Jonathan Neman, co-founder and co-CEO of sweetgreen.
David A. Grogan | CNBC
Sweetgreen co-founder and CEO Jonathan Neman wrote a LinkedIn post on Tuesday linking obesity to the ongoing coronavirus pandemic.
The post was deleted on Wednesday, several hours after Vice posted a story about it. Even before Vice’s article, commentators on Neman’s original post called his argument “fat phobic”.
Sweetgreen filed for an IPO in confidence in June, making this an inconvenient time for controversy surrounding the company. Consumer backlash could hurt both its reputation and sales, and it could scare off investors.
Neman’s comment comes as the US battles another wave of new Covid-19 cases, causing some places to impose vaccination or masking requirements. According to a CNBC analysis of Johns Hopkins University data, the seven-day average of daily new US cases hit 160,455, 6% more than a week ago. Health authorities have pointed out the highly contagious Delta variant as the culprit, particularly in regions with low vaccination rates.
“78% of hospital admissions for COVID are obese and overweight people,” Neman wrote in the post. “Is there an underlying problem that we may not have paid enough attention to?”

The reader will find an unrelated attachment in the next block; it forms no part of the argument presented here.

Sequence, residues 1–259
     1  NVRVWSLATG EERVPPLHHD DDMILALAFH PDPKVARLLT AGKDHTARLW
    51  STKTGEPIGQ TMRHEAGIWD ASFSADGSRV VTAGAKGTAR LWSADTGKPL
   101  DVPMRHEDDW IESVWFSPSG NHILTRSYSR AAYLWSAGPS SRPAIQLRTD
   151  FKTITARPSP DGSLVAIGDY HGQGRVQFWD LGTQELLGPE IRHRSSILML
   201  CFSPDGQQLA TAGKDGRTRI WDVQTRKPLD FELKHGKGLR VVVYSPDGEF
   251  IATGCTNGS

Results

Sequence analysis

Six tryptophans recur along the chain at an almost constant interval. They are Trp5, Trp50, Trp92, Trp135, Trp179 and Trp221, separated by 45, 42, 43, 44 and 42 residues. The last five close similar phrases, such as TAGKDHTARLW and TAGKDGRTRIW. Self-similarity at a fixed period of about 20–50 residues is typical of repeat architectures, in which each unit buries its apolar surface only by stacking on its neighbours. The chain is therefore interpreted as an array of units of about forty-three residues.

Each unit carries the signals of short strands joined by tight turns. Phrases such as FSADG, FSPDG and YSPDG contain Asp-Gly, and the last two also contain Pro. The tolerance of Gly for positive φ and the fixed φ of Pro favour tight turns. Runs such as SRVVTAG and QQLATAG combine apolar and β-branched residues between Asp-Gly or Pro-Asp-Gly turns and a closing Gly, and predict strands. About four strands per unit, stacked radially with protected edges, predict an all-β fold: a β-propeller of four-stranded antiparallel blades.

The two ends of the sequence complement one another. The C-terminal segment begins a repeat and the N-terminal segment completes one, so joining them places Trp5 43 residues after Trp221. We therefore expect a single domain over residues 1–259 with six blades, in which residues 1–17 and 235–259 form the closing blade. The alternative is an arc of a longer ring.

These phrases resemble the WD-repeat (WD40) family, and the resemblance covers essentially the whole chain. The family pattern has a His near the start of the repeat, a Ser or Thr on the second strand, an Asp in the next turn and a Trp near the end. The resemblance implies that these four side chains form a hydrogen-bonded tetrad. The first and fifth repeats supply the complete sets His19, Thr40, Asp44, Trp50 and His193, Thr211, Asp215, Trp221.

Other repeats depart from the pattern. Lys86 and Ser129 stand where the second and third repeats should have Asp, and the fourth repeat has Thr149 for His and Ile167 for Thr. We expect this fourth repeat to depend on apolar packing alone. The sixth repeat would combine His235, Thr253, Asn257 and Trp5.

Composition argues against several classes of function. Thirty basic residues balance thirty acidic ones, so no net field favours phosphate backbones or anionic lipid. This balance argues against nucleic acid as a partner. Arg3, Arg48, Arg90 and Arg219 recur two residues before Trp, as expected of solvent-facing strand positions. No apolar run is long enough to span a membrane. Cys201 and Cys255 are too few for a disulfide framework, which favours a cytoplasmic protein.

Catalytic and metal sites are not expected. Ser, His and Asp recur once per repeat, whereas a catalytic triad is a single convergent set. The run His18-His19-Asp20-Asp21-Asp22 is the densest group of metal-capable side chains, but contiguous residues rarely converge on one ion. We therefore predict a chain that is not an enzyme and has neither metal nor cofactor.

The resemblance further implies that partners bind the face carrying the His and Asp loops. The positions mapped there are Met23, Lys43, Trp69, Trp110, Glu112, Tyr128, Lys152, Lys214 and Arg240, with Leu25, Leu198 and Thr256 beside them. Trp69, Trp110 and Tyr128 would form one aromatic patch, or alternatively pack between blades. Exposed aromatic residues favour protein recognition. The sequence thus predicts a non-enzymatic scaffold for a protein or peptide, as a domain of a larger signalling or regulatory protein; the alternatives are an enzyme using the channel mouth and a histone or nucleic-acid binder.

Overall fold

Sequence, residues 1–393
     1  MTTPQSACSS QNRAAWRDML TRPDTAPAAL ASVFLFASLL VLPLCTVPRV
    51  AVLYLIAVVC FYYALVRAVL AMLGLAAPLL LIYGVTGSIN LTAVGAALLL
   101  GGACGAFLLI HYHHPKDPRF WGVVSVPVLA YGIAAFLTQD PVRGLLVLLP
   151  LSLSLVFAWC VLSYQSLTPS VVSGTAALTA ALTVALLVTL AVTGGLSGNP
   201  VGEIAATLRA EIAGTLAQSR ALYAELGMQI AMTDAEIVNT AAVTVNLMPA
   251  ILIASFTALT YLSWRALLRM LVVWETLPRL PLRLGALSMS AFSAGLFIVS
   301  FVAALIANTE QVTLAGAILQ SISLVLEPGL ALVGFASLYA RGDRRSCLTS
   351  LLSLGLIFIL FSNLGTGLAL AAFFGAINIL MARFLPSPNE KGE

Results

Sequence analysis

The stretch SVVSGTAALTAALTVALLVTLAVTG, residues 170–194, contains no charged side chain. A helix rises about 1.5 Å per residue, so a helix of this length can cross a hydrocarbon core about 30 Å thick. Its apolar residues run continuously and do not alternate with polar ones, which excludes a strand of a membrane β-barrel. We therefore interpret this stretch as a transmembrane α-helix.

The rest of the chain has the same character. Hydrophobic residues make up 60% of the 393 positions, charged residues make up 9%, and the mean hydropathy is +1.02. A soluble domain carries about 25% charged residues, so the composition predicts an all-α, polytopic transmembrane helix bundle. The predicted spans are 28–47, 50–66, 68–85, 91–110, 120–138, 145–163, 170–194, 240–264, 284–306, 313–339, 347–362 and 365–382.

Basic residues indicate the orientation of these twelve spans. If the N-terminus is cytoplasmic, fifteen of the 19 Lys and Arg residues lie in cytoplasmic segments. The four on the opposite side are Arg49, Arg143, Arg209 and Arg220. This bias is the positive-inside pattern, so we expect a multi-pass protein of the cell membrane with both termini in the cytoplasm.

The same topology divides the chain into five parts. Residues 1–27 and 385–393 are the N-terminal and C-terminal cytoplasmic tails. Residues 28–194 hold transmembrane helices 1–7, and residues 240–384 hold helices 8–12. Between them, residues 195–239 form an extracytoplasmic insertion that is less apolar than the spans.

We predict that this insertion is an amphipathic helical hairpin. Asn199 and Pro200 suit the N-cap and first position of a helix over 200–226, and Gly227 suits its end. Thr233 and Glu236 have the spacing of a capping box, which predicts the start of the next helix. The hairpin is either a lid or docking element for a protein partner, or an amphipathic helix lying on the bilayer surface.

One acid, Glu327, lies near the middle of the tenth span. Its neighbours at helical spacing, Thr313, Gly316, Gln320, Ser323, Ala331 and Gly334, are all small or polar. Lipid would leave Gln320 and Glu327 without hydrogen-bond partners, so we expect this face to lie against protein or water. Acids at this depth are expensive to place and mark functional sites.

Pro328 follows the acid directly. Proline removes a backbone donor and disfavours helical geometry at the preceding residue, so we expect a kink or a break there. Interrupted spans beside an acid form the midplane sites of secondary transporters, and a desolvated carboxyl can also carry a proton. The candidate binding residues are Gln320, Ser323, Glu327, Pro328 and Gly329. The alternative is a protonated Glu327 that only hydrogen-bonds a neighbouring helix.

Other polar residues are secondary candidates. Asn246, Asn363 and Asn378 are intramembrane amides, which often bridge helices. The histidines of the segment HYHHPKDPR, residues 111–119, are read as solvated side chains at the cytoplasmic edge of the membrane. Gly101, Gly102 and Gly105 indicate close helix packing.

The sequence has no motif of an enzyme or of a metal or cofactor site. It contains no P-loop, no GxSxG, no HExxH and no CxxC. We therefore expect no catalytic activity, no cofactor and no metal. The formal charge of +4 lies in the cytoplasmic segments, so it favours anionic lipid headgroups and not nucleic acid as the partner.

The Centers for Disease Control and Prevention has listed a body mass index in the range of being overweight or obese as one of the factors that can make someone more seriously ill with Covid-19. However, some medical experts, researchers, and nutritionists say that BMI is a flawed health metric because it doesn’t take into account body fat distribution or accurately predicts the health of various races and demographics.
Neman’s statistics likely came from an article published in the CDC’s Morbidity and Mortality Weekly Report in March.
In his LinkedIn post, Neman also said that Covid will be here for the foreseeable future and that it is best to focus on overall health rather than just preventing infection.
“We cannot run away from it and no vaccine or mask will save us (in full disclosure, I am vaccinated and assist others in getting vaccinated),” Neman wrote.
He also called mask and vaccine mandates “state handover” and proposed the implementation of health mandates.
“What if we made the foods that make us sick illegal? What if we taxed processed foods and refined sugar to pay for the effects of the pandemic? ”He added.
Taxes on processed foods and refined sugar would likely hit low-income consumers the hardest. A sweet green salad that starts at $ 9.95 might be out of your budget range.
In response to a commenter who described the post as “fat phobic”, Neman said that was not his intention. He wrote that the post was intended to start a conversation about how we should think differently about health and tackle its root causes.
A Sweetgreen representative did not immediately respond to a request for comment from CNBC.